I thought you might like to read one of the 50 sample college application essays featured in my new book, Heavenly Essays. This is the first one in the book. Like most of the essays in this collection, it was written by a former tutoring student of mine. I will share a few others in the next couple weeks.
Like I say in the book, I believe reading examples of essays written by other students is one of the best ways to learn how to write your own. Not only can these essays give you ideas for your own topics, but you can get a feel for the style that works best—narrative (storytelling) writing.
You also can get a sampling of my mini critiques after each student essay. My goal with each “analysis” was to help readers use these samples to recognize creative writing techniques that make narrative essays compelling and effective, and try them out in their own pieces.
Here is Brock’s essay:
Laguna Beach, CA
University of California, Berkeley, CA
Dangling about 30 feet above the ground, I looked down on the entire neighborhood park with its rolling hills, vibrant green grass, and multiple tall eucalyptus trees. Buckled tightly in my brand new Diamond Mountain climbing harness, I admired my handiwork.
My old blue-and-black braided climbing rope thrown over a branch held me aloft, while a slipknot I tied while hoisting myself up prevented my descent. After a few minutes, I decided to return to the ground, but realized my knot grew too tight for me to untie. I was stuck.
Ever since my dad taught me the Bowline in second grade, the intricacy of knots has fascinated me. I spent hours mastering the craft, reading every knot book and website I could get my hands on. All my knots usually came in handy. In 8th grade, I won a competition in the Boy Scouts with a square knot, beating the instructor who taught an alternative knot that took longer to tie. A couple years later, I rescued my brother’s pickup out of the mud with the unbreakable loop of the Bow Line during one of our off-road adventures. I even returned a stranded rock climber’s lifeline by tying a Sheep’s Bend between a small piece of paracord and his climbing rope.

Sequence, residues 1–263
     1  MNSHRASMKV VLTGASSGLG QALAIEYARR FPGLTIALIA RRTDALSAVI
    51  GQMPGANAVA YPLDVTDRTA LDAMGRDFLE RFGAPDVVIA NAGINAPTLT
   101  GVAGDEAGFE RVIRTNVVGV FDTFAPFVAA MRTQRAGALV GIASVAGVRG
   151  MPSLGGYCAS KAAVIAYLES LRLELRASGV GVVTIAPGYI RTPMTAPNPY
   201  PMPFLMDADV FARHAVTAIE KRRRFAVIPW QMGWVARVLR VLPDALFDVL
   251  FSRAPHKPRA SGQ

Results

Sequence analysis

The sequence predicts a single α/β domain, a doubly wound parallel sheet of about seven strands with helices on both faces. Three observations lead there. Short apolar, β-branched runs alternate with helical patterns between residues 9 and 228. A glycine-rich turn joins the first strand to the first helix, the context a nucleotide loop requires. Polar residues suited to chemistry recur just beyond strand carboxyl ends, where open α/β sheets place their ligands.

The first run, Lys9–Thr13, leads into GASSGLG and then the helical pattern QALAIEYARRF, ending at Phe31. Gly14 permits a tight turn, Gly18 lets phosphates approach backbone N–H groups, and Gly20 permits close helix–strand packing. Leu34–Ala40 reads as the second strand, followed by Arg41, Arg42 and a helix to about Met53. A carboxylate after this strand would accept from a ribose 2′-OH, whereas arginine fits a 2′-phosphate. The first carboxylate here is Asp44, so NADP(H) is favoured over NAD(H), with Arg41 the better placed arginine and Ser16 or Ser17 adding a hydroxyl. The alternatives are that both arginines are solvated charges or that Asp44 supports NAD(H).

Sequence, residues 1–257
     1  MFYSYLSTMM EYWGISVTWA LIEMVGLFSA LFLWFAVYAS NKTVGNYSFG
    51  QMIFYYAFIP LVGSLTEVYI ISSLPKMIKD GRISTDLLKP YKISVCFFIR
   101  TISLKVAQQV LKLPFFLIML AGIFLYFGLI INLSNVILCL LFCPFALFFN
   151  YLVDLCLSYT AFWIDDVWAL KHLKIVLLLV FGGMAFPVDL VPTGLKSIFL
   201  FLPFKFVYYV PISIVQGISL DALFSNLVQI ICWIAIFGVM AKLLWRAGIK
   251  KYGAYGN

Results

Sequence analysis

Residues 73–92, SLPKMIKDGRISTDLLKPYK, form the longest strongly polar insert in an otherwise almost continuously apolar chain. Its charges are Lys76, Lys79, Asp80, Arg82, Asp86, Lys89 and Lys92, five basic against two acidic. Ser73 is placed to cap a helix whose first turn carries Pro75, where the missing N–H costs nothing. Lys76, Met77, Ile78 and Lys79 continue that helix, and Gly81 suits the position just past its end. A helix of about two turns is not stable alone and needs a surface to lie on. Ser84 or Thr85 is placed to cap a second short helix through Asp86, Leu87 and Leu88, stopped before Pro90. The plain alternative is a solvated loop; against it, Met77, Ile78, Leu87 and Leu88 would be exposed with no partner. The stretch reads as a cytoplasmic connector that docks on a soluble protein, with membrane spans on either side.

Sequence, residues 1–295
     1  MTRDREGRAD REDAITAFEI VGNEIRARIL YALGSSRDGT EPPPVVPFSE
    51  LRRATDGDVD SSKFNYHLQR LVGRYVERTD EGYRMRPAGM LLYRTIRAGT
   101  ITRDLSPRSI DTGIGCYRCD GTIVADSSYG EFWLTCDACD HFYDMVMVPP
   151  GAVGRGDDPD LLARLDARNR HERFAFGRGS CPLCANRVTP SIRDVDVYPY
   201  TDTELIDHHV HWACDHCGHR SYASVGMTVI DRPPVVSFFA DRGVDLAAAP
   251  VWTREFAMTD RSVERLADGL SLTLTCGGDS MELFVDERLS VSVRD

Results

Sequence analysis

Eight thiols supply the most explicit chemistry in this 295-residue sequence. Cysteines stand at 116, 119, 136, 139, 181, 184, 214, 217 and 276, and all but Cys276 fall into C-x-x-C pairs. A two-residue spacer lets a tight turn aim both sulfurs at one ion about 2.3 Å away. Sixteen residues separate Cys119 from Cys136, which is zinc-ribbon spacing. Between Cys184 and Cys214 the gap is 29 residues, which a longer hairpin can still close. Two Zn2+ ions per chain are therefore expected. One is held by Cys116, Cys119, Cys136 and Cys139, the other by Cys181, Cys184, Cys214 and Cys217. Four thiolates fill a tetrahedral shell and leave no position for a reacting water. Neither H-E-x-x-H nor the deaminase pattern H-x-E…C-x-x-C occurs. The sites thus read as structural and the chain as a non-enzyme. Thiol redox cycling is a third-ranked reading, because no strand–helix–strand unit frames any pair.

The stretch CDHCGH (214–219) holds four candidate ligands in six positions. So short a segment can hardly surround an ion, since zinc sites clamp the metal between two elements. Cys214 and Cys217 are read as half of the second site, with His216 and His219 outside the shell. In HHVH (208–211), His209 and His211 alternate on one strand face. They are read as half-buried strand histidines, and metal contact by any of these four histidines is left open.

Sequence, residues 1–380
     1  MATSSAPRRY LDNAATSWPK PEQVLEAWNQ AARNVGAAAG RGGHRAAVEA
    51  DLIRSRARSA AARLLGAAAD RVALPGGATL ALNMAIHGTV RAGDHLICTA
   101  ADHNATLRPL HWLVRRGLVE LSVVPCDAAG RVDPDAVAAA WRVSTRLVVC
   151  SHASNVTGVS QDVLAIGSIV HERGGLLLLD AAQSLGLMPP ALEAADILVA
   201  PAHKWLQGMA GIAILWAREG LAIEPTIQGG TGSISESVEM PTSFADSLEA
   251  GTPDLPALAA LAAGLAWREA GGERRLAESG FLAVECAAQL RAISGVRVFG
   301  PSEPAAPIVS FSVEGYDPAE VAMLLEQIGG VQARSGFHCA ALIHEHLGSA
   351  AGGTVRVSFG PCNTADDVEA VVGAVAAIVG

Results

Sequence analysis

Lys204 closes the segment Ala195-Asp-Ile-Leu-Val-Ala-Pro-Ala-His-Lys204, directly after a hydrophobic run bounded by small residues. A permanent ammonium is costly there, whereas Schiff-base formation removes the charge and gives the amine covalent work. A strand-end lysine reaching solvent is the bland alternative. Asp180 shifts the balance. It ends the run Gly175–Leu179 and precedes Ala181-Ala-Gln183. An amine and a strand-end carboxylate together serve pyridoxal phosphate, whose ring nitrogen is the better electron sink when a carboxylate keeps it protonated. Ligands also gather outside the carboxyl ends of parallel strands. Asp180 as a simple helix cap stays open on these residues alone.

Ironically, on the day I got stuck in the tree, I spent all morning trying to finally conquer the biggest and baddest knot of them all: the Monkey’s Fist. After at least 50 failed attempts at the step-by-step process, my trusty blue rope finally bore the complex, dense sphere of rope. With a heavy Monkey’s Fist on the end of my rope, I could throw an end over any branch.
After hoisting myself into the treetops that day I dangled for several hours due to that hastily tied Slip Knot. When my dad finally returned from work and saw me, he lugged over an extension ladder, and laughed as he untied me from the tangle he inspired years earlier.
When I reflected on this adventure, I realized another irony in the situation: It took a complex knot like the Monkey’s First to elevate me into the tree, but a simple Slip Knot stopped me from getting back down. Comparing these knots, I learned that the effort and persistence I invest in a challenge like tying a knot translates into a certain lasting power.
A Slip Knot is extremely easy to tie, but disappears with a quick pull on the rope. However, a Monkey’s Fist takes hours to learn and minutes to tie, but is impossible to untie. In so many other parts of my life I have experienced this similar relationship: that the more I try, the more useful and permanent the reward.
I expect that my knot-tying adventures, and the related lessons, even the most embarrassing ones, will help me through any future hang ups I encounter from here on out.
ANALYSIS: When Brock was brainstorming for topic ideas, he knew he had a strong interest in engineering. So we started by thinking of qualities, talents and interests he had that would make him an effective engineer.
One of the qualities was that he was a problem solver. And one of his hobbies was knot tying, which is a form of problem solving. Aha! The next step was to find an example of Brock applying his problem-solving skills in real life.
A great way to find compelling real-life, mini-stories—also called anecdotes—is to think of “a time” you faced a problem. Problems can come in many forms: challenges, obstacles, crises, phobias, idiosyncrasies, life changes, etc. When Brock mentioned the time he got stuck in a tree because of his knot-tying ability, we both knew instantly he had hit upon a hot topic.
When you read this essay, notice how naturally this self-deprecating anecdote and knot metaphor showcase Brock’s insightful thinking and engineering prowess—as well as his natural humility.
You don’t always need to title your essays, but when you land on a witty one like Brock’s “Hang Ups,” it only makes it that much better.